Father-of-three Peter Corr collapsed on Wrockwardine Wood Way, Telford, just 10 minutes into his usual morning run.
The actions of a group of people helped to save his life and the 46-year-old, who was clinically dead for 14 minutes, has now been able to thank them.
"I don't recall what happened. I collapsed and I seem to have suffered a heart attack which led to a cardiac arrest," said Peter, from Trench.
"The first thing I remember is coming around and l was laid on my back.
"I remember a real tightness on my chest and gasping for breath."
Peter, who is a parent governor at Wrockwardine Wood Church of England Junior School, says he was able to put the pieces together of what happened by speaking to those involved.
He said: "At the point I collapsed someone was driving past and saw me staggering.
"They thought it was a bit strange because I was in running gear.
"They turned around but by the time they got back to me I was lying on the ground and another runner, a woman called Melissa Oliver, had stopped and started CPR."
Dani Ward, who had been in the vehicle, called 999 while Spanish teacher Victoria Recio had also stopped to help and was relaying information to Dani to tell the ambulance control centre.
Cyclist Nigel Brady also leapt into action, helping Melissa with the CPR until paramedic Ben Gumsley arrived and used a defibrillator to bring Peter back to life.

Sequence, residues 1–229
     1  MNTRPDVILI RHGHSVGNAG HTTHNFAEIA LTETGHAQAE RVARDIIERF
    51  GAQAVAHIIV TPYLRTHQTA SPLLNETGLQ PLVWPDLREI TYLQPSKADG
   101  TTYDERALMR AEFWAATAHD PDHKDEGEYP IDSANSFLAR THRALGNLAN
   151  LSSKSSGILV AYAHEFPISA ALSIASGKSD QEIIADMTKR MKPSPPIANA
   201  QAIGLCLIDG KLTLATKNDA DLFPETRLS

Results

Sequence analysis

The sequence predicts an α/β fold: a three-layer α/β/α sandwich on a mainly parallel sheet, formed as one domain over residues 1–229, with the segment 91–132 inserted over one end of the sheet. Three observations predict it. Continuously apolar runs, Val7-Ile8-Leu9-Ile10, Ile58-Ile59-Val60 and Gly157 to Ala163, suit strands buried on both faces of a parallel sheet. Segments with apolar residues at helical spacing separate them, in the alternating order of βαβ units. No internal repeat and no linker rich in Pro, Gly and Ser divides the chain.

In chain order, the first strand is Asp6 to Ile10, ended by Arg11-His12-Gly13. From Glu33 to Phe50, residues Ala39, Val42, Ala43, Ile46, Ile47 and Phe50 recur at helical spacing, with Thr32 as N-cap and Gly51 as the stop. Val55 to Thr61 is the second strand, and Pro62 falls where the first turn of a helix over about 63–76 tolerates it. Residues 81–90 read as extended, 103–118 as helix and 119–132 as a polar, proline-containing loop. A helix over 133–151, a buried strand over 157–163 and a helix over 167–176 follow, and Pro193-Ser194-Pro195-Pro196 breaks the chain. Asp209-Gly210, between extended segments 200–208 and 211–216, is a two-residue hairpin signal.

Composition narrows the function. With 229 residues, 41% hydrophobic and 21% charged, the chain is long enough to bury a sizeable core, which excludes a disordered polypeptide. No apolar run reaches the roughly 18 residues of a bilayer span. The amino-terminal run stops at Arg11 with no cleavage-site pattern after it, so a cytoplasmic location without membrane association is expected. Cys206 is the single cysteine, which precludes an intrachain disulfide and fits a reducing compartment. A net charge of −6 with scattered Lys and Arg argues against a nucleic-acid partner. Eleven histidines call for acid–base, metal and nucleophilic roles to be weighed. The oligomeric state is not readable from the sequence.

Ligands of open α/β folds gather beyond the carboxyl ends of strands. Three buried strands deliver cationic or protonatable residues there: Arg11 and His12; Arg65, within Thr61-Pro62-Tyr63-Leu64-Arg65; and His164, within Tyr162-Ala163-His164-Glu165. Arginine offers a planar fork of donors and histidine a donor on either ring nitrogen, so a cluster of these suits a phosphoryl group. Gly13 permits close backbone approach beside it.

"For 14 minutes I was clinically dead," Peter said.
"I think the paramedic had to shock me four times.
"There was another person involved as well.
"He went off to the leisure centre and was able to get their defibrillator and bring it back to the scene.
"By that time it wasn't needed but I would like to find him to thank him for what he did."
Peter, who regularly runs marathons for charity, was taken by ambulance to Princess Royal Hospital in Telford where he stayed for nine days, following his collapse on September 12.
"I had a head wound from where I had fallen" he said.
"Fortunately it wasn't a major injury.
"They did identify a narrowing in one of my arteries which is probably what caused it.
"I had to have a stent fitted.
"Melissa and Ben visited me on the ward. I was keen to contact Melissa because they said it was her quick intervention that got me through it.
"That is why I am so keen to promote people learning CPR."
Peter, who is a self-employed clinical psychologist and is now recovering well, says CPR played a 'crucial' part in helping to save his life.
"They have kept my family together because of it," he said.
"Just the impact of someone taking the time to do that is massive.
"I have been working my way around everyone who helped to thank them.
"There were no warning signs. I feel lucky. I've got another life. It was due to the CPR keeping my blood flowing around me that was keeping me alive.
"Everyone came together at the right time and I've had so much support afterwards. It's quite affirming of people and human nature."
Mr Gumsley, 24, who has been a paramedic for six years, said that the work of those first on the scene had kept Mr Corr’s heart beating manually before they could use the defibrillator.
He said: “We shocked him four times in the space of eight or nine minutes and his heart came back to normal rhythm.”
The treatment moved Mr Corr into a status known as “return of spontaneous circulation”, which is the first step to recovering from a cardiac arrest.
Mr Gumsley said: “Normally people stay completely unconscious when they reach that stage but on the way to hospital in the back of the ambulance he started waking up and came round.
"He was telling me his wife’s name and giving me her contact number and we were just trying to keep him calm.”
He added: “Everything fell into place. The fact people stopped to help him, the fact we got there so quickly, his age.”